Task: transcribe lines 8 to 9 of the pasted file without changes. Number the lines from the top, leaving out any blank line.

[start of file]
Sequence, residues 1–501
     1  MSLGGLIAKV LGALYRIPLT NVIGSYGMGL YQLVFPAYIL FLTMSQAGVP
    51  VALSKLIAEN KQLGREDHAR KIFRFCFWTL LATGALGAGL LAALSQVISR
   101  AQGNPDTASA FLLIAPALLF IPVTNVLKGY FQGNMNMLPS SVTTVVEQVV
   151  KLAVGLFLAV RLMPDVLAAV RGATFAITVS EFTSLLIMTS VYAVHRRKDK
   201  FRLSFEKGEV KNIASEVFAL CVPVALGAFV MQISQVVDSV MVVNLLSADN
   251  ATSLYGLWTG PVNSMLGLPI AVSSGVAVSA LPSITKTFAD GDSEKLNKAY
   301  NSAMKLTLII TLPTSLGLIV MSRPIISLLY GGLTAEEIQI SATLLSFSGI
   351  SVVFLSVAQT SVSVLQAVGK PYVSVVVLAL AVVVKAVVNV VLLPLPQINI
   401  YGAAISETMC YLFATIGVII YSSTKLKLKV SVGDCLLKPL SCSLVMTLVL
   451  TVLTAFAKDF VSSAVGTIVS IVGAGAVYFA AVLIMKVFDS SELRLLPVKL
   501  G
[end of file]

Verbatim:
   301  NSAMKLTLII TLPTSLGLIV MSRPIISLLY GGLTAEEIQI SATLLSFSGI
   351  SVVFLSVAQT SVSVLQAVGK PYVSVVVLAL AVVVKAVVNV VLLPLPQINI